The Cognitive Effects of Caregiving for Patients with Alzheimer's Disease

Francesca B Falzarano, Fordham University


Background: Extensive literature exists documenting the relationship between stress and cognition. Caregiving for an individual with Alzheimer’s disease is characterized as a chronic stress experience due to the increasing dependency of the care-recipient as the disease progresses. Caregiving has been associated with depression, anxiety, and poorer physical health. Despite this, little is known about the relationship between caregiver stress and cognition. Therefore, using the Stress Process Model as a theoretical framework, this study aimed to examine the cognitive effects of serving as a caregiver for an individual with Alzheimer’s disease. Methods: The current study included 47 Alzheimer’s caregivers and 47 control participants matched on gender, age, and education. Participants completed questionnaires pertaining to stress, depression, coping, and social support, along with a series of cognitive tests measuring episodic memory, working memory, attention, visuospatial processing, implicit memory, processing speed, and executive functioning. Results: When comparing caregivers to control participants, caregivers significantly performed worse on cognitive measures, particularly in the episodic memory, executive functioning, and processing speed domains. When examining caregivers specifically, primary stressors, which are stressors derived directly from the care environment (e.g., problematic behaviors exhibited by the care-recipient and relational deprivation) consistently predicted impaired cognitive performance. Conclusion: This study examined the influence of caregiver stress on performance across seven domains of cognition. The findings suggest that caregiving is a unique stress experience and highlights the complex nature of serving a caregiver. Results showed that caregivers performed worse compared to control participants on multiple domains of cognition. When examining caregivers and the specific domains of stress outlined by Pearlin et al.’s (1990) Stress Process Model, results showed that stressors that emerge from the care-environment was the most consistent predictor of cognitive performance. The findings address a gap in the literature and is helpful in understanding the negative effects of caregiver stress. With the rising older adult population, and increases in age-related illnesses, the number of individuals providing care to a loved one will continue to increase. Thus, research examining the adverse effects of this role is pivotal in order to develop strategies and methods that can improve the well-being of caregivers.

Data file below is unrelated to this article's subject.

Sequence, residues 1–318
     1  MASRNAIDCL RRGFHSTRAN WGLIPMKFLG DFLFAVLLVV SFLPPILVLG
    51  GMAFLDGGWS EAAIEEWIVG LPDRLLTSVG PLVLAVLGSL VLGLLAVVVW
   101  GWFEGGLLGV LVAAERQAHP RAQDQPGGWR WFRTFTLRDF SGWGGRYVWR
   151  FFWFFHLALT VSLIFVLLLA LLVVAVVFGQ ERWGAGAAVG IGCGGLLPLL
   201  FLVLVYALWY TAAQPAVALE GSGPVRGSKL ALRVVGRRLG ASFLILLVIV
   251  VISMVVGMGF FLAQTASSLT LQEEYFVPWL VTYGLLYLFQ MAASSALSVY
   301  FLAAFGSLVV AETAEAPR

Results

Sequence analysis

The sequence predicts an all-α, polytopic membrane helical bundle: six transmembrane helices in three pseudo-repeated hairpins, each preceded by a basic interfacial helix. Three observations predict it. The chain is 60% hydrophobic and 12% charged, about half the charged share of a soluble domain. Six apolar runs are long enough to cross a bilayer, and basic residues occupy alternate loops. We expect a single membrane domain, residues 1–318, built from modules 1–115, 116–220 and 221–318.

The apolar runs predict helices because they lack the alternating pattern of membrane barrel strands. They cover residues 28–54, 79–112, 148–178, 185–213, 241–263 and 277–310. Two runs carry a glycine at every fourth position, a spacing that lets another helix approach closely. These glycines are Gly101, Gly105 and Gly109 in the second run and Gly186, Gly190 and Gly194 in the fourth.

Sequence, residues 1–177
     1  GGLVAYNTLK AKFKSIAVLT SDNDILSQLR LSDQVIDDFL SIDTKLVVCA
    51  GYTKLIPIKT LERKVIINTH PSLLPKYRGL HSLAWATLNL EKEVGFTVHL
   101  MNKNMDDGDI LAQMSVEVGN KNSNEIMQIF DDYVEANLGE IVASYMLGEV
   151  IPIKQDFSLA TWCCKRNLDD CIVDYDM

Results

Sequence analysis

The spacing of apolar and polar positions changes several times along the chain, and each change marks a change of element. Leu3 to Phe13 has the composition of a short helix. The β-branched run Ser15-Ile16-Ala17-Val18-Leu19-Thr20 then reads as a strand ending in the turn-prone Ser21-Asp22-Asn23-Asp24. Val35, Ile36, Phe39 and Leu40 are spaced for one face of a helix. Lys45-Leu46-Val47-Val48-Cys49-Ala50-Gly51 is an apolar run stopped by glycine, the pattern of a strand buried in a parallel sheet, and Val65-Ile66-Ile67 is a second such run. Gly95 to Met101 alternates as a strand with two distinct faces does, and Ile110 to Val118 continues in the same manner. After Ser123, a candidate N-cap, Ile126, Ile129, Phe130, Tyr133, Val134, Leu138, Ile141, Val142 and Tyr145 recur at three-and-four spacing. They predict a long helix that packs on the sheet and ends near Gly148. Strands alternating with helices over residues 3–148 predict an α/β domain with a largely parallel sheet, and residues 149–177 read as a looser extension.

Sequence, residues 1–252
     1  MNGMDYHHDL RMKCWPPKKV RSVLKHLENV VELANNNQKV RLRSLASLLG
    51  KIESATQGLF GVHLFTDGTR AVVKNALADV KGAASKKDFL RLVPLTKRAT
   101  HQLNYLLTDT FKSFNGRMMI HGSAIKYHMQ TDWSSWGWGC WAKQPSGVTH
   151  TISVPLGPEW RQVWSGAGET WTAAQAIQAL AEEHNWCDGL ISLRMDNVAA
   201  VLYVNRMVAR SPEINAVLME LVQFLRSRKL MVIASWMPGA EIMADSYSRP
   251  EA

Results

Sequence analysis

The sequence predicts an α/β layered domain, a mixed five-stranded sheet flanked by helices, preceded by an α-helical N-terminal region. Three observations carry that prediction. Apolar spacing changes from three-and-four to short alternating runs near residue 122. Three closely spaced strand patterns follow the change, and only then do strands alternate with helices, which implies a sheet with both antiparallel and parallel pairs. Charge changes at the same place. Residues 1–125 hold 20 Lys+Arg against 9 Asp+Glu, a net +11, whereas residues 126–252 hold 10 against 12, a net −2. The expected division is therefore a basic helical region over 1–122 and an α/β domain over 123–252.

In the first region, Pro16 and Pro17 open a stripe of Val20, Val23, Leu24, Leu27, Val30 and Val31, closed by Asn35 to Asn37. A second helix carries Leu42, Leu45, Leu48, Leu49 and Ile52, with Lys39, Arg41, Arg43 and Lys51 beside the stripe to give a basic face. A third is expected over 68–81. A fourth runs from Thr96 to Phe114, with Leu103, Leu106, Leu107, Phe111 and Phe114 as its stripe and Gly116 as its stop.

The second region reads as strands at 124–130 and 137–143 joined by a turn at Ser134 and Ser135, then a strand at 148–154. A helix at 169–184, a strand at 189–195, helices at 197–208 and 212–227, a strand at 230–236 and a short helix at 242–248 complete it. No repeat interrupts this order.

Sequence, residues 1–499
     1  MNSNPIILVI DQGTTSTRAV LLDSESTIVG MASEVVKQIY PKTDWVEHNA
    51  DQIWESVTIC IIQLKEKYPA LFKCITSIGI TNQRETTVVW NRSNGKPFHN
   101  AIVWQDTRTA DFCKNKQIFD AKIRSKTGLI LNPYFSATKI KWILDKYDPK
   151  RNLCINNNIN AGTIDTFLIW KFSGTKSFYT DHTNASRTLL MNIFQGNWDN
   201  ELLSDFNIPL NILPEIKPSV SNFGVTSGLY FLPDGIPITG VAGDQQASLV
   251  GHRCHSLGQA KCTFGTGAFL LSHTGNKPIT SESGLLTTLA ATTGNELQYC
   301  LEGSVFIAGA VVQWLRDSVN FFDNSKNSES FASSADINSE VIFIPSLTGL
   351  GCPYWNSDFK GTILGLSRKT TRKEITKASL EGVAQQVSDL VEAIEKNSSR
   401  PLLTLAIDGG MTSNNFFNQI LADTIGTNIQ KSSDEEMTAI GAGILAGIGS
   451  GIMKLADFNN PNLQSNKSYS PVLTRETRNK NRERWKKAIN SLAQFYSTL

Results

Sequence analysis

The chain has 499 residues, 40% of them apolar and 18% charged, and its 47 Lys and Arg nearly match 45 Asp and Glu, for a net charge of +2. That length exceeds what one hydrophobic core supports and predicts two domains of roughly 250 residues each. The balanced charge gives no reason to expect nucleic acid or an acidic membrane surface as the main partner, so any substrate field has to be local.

Subject Area

Cognitive psychology|Psychology

Recommended Citation

Falzarano, Francesca B, "The Cognitive Effects of Caregiving for Patients with Alzheimer's Disease" (2019). ETD Collection for Fordham University. AAI13903453.